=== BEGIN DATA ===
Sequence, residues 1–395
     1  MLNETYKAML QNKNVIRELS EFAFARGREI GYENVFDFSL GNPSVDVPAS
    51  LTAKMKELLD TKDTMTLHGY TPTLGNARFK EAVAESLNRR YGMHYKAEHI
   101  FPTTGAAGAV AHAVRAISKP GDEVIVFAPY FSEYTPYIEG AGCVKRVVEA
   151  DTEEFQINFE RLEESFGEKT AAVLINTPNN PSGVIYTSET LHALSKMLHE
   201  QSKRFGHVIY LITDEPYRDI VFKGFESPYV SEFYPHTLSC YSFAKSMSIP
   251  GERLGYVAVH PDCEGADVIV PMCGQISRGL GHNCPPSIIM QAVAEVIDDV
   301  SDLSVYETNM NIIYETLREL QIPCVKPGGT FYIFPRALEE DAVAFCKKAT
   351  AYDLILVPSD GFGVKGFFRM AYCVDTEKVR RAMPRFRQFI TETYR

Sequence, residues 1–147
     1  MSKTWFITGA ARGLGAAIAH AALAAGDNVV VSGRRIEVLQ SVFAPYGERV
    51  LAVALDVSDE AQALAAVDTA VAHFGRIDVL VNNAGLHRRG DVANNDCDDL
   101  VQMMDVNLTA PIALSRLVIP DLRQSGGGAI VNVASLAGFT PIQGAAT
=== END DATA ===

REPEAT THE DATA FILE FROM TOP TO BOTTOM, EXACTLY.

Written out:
Sequence, residues 1–395
     1  MLNETYKAML QNKNVIRELS EFAFARGREI GYENVFDFSL GNPSVDVPAS
    51  LTAKMKELLD TKDTMTLHGY TPTLGNARFK EAVAESLNRR YGMHYKAEHI
   101  FPTTGAAGAV AHAVRAISKP GDEVIVFAPY FSEYTPYIEG AGCVKRVVEA
   151  DTEEFQINFE RLEESFGEKT AAVLINTPNN PSGVIYTSET LHALSKMLHE
   201  QSKRFGHVIY LITDEPYRDI VFKGFESPYV SEFYPHTLSC YSFAKSMSIP
   251  GERLGYVAVH PDCEGADVIV PMCGQISRGL GHNCPPSIIM QAVAEVIDDV
   301  SDLSVYETNM NIIYETLREL QIPCVKPGGT FYIFPRALEE DAVAFCKKAT
   351  AYDLILVPSD GFGVKGFFRM AYCVDTEKVR RAMPRFRQFI TETYR

Sequence, residues 1–147
     1  MSKTWFITGA ARGLGAAIAH AALAAGDNVV VSGRRIEVLQ SVFAPYGERV
    51  LAVALDVSDE AQALAAVDTA VAHFGRIDVL VNNAGLHRRG DVANNDCDDL
   101  VQMMDVNLTA PIALSRLVIP DLRQSGGGAI VNVASLAGFT PIQGAAT